Today Kathleen Sebelius, Secretary of the U.S. Department of Health and Human Services, provided testimony for the Affordable Health Care Act implementation to the U.S. House Committee on Energy & Commerce. Sebelius testified that the Health Insurance Marketplace, provision of the Affordable Healthcare Act, was launched on October 1, 2013, and the access through healthcare.gov has not met expectations. Consumers can access the Marketplace through submitting a paper application (in-person assistance is available), calling the call center or online through healthcare.gov.
Although 700,000 applications have been submitted to federal and state Marketplaces, 20 million visits have been recorded to healthcare.gov. There have been problems with accessing healthcare.gov. The reasons provided are mismanagement of private sector contractors building the site, system stress from volume traffic and technical programming detail such as unable to register or unable to login after registering. Improvements to the site are ongoing but new codes for bug fixes and removal of the virtual waiting room have already been implemented. Jeff Zients, CEO and acting Director of U.S. Office of Management and Budget, was just appointed by President Obama to get the website running for the six month open enrollment period with projections of complete resolution by the end of November.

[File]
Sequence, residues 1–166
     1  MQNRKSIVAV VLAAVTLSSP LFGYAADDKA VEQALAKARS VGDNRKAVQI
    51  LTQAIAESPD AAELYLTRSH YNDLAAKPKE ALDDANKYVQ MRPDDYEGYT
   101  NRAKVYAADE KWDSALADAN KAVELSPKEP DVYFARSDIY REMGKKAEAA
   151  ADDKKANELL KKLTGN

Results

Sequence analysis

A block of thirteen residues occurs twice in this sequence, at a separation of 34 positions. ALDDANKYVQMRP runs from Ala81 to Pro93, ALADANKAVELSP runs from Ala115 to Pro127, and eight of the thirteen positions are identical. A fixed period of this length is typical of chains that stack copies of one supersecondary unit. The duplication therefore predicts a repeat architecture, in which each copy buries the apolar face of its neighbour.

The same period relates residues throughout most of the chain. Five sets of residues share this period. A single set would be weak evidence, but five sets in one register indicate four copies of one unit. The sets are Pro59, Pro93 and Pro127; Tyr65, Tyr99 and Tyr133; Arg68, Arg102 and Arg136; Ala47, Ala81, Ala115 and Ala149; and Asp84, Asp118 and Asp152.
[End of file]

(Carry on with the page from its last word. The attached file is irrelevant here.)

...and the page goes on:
Debate continues over the passing of the Affordable Healthcare Act (also known as Obamacare) and state versus federal rights. The Affordable Healthcare Act was signed into law by the President and upheld by the Supreme Court, yet the House and Senate have the responsibility to enact laws. The Supreme Court also upheld that states could opt out of Obamacare, but the federal government has determined that they may withhold up to $500 million in funding to these states. Doctors do not have to accept the expanded Medicaid funding. The House and Senate could stop the Affordable Health Care Act if they refuse to fund it.
The Affordable Healthcare Act is for people without coverage, people that cannot afford coverage and are not on a group plan can obtain health insurance coverage. Kathleen Sebelius included other benefits of the Affordable Healthcare Act in her testimony:
“Most Americans—85 percent—already have health coverage through an employer-based plan, or health benefit, such as Medicare, Medicaid, or the Children’s Health Insurance Program (CHIP). For these Americans, the Affordable Care Act provides new benefits and protections, many of which have been in place for some time. For example, because of the Affordable Care Act, millions of young adults have been able to stay on their parents’ plans until they are 26. Because of the Affordable Care Act, seniors on Medicare receive greater coverage of their prescription medicine, saving them billions. Because of the Affordable Care Act, for millions of Americans, recommended preventive care like mammograms is free through employer-sponsored health coverage.”
See the attached video for clips from the testimony.
For the full testimony visit docs.house.gov
For enrollment into the Affordable Healthcare Act visit: healthcare.gov
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